Duke University’s new optical coherence tomography scanner is attached to a robotic arm that can move the scanner to align with a patient’s eyes. [Image: Duke University] [Enlarge image]
Biomedical engineers and ophthalmologists from Duke University, USA, have designed and demonstrated a hands-free automated version of a standard desktop optical coherence tomography (OCT) scanner. The research team believes that the setup may expand the valuable technology’s reach to primary care offices and emergency departments.
In proof-of-concept demonstrations, the scanner, which is attached to a robotic arm, produced images of the cornea and retina that are comparable to standard tabletop systems—in less than 10 seconds (Nat. Biomed. Eng., doi: 10.1038/s41551-021-00753-6).
Conquering tremor and patient movement
OCT is a 3D imaging technology used to get micron-scale images of anatomic structures within the eye. The technology has revolutionized the diagnosis and monitoring of eye diseases, including age-related macular degeneration, diabetic retinopathy and glaucoma. Unfortunately, OCT scanning is often limited to specialist clinics, because the tabletop devices are bulky and require a trained ophthalmic photographer for operation.
By automating the entire imaging process and bringing the scanner to the patient, the Duke researchers hope to make regular OCT-based eye exams accessible to everyone. The automated OCT workspace includes two 3D cameras to the left and right of a robotic arm. The 3D cameras help position the OCT scanner mounted on the robotic arm in front of the eye. Once the robotic arm is in the general vicinity of the eye, more sensitive cameras on the arm precisely line up the OCT scanner with the pupil. If the patient moves their head, the robotic arm uses active tracking technology to keep the scanner aligned with the pupil.
According to lead author Mark Draelos, “The robotic arm gives us the flexibility of handheld OCT scanners, but we don’t need to worry about any operator tremor. If a person moves, the robot moves with it. As long as the scanner is aligned within a centimeter of where it needs to be on your pupil, [it] can get an image that is as good as a tabletop scanner.” The scan for each eye is completed in less than 10 seconds, with the entire alignment, scan, and imaging process taking about 50 seconds.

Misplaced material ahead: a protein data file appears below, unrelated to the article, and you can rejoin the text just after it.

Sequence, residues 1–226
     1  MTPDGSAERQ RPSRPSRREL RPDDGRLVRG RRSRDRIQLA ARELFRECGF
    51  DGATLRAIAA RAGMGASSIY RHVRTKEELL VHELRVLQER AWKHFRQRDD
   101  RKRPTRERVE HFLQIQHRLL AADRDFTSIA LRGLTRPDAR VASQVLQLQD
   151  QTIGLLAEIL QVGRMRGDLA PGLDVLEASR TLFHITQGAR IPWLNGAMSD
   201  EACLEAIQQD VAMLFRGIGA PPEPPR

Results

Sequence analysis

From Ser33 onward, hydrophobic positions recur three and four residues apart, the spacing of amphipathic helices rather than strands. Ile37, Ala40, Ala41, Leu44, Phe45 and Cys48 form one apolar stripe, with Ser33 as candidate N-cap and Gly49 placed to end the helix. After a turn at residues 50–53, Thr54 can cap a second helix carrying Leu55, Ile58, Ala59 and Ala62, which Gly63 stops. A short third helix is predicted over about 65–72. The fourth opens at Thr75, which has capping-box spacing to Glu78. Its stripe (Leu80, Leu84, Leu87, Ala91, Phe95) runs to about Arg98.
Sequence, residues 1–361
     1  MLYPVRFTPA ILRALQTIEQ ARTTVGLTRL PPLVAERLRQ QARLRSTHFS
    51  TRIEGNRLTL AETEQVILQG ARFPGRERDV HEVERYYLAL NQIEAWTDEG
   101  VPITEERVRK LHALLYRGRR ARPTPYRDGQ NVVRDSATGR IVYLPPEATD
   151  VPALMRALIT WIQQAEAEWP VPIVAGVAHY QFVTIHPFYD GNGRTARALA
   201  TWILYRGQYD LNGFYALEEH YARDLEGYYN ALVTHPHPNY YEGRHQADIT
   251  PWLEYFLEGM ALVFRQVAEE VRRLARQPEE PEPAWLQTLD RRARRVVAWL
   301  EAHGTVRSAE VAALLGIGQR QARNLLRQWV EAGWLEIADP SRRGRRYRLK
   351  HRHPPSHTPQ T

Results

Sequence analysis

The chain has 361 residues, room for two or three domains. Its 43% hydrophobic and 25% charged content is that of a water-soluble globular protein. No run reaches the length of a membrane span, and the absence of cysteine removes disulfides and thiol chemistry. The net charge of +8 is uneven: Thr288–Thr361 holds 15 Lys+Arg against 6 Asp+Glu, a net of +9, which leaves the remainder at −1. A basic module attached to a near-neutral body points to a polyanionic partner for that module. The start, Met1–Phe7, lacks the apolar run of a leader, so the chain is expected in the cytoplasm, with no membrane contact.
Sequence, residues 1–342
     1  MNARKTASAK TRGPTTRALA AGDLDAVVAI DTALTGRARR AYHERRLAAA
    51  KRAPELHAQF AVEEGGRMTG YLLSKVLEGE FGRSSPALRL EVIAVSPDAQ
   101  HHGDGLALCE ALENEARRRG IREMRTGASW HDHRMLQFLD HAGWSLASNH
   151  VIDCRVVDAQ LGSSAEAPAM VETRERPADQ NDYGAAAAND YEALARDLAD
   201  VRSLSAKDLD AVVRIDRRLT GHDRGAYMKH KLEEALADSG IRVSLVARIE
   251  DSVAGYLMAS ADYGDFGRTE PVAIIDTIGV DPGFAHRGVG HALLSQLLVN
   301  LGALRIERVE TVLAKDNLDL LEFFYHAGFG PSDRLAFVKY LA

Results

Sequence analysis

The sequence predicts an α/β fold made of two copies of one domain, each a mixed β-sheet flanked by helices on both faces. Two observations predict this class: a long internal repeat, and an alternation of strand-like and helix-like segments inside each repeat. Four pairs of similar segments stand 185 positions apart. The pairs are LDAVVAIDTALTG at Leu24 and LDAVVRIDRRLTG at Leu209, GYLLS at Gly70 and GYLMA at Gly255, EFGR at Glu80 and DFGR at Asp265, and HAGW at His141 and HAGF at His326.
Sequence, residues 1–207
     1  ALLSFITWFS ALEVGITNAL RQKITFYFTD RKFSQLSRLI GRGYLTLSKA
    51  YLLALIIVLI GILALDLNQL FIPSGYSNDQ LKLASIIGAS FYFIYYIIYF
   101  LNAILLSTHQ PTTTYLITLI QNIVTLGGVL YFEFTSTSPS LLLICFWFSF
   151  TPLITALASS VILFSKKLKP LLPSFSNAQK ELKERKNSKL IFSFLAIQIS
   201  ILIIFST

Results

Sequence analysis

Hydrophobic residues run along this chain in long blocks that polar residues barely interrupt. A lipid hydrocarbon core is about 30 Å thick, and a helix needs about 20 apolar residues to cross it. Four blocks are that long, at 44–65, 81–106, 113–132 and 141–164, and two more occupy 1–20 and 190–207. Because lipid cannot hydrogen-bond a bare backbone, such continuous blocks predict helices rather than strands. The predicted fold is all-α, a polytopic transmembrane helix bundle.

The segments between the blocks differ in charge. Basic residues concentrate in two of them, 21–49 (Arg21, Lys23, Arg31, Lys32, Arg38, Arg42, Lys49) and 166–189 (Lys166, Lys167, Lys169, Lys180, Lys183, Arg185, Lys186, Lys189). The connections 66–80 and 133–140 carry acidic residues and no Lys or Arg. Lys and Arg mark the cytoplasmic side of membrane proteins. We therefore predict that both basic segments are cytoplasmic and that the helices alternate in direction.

The Duke researchers designed active-tracking anterior (corneal) and retinal scan heads for proof-of-concept demonstrations. First, they characterized image quality for each of the OCT scan heads using optical simulations. Next, they measured the active-tracking ability of the scan heads with phantoms and with free-standing individuals.
Both scan heads produced images that were sufficient for examining the cornea and retina. Both heads also demonstrated active-tracking accuracy of phantoms and free-standing individuals that “satisfied” their aiming needs, with residual motion artifacts corrected in post-scan processing.
Finally, the researchers eliminated the operator entirely and tested fully autonomous OCT corneal and retinal imaging with five free-standing individuals with healthy eyes. Results were again positive, with clear views of the individuals’ corneas and retinas. An expert reviewer assessed the quality of the images from the fully automated scans and determined that the Duke scanner’s performance is comparable to current tabletop OCT systems.
Limitations and next steps
While the demonstrations and expert’s review are promising, the researchers recognize that their autonomous OCT scanning system’s biggest limitations are image resolution and, for retinal scans specifically, small field-of-view. The team is now focused on refining the scanner, and see implementing the technology in primary care offices and emergency departments as “the logical next step.”